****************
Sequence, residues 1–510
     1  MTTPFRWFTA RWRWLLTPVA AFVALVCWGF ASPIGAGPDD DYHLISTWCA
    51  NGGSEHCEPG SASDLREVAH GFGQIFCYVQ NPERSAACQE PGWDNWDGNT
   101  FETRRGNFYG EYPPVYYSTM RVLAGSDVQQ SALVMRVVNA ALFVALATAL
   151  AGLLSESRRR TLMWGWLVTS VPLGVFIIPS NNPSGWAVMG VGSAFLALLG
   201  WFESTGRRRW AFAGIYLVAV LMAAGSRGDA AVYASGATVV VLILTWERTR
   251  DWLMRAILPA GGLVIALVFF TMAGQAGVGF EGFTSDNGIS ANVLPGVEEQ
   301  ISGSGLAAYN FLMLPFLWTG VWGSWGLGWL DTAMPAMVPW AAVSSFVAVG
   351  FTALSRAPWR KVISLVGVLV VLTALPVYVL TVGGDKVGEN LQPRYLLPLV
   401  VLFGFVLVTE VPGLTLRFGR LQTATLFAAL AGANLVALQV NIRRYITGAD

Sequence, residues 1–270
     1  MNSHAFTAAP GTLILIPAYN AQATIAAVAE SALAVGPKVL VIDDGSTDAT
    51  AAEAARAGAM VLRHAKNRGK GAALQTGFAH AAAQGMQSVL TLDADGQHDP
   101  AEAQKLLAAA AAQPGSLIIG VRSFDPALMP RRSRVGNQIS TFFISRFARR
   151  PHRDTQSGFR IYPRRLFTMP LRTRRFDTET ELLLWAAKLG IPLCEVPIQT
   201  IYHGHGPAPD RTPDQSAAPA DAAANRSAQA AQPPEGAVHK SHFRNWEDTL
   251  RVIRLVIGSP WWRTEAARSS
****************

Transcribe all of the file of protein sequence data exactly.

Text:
Sequence, residues 1–510
     1  MTTPFRWFTA RWRWLLTPVA AFVALVCWGF ASPIGAGPDD DYHLISTWCA
    51  NGGSEHCEPG SASDLREVAH GFGQIFCYVQ NPERSAACQE PGWDNWDGNT
   101  FETRRGNFYG EYPPVYYSTM RVLAGSDVQQ SALVMRVVNA ALFVALATAL
   151  AGLLSESRRR TLMWGWLVTS VPLGVFIIPS NNPSGWAVMG VGSAFLALLG
   201  WFESTGRRRW AFAGIYLVAV LMAAGSRGDA AVYASGATVV VLILTWERTR
   251  DWLMRAILPA GGLVIALVFF TMAGQAGVGF EGFTSDNGIS ANVLPGVEEQ
   301  ISGSGLAAYN FLMLPFLWTG VWGSWGLGWL DTAMPAMVPW AAVSSFVAVG
   351  FTALSRAPWR KVISLVGVLV VLTALPVYVL TVGGDKVGEN LQPRYLLPLV
   401  VLFGFVLVTE VPGLTLRFGR LQTATLFAAL AGANLVALQV NIRRYITGAD

Sequence, residues 1–270
     1  MNSHAFTAAP GTLILIPAYN AQATIAAVAE SALAVGPKVL VIDDGSTDAT
    51  AAEAARAGAM VLRHAKNRGK GAALQTGFAH AAAQGMQSVL TLDADGQHDP
   101  AEAQKLLAAA AAQPGSLIIG VRSFDPALMP RRSRVGNQIS TFFISRFARR
   151  PHRDTQSGFR IYPRRLFTMP LRTRRFDTET ELLLWAAKLG IPLCEVPIQT
   201  IYHGHGPAPD RTPDQSAAPA DAAANRSAQA AQPPEGAVHK SHFRNWEDTL
   251  RVIRLVIGSP WWRTEAARSS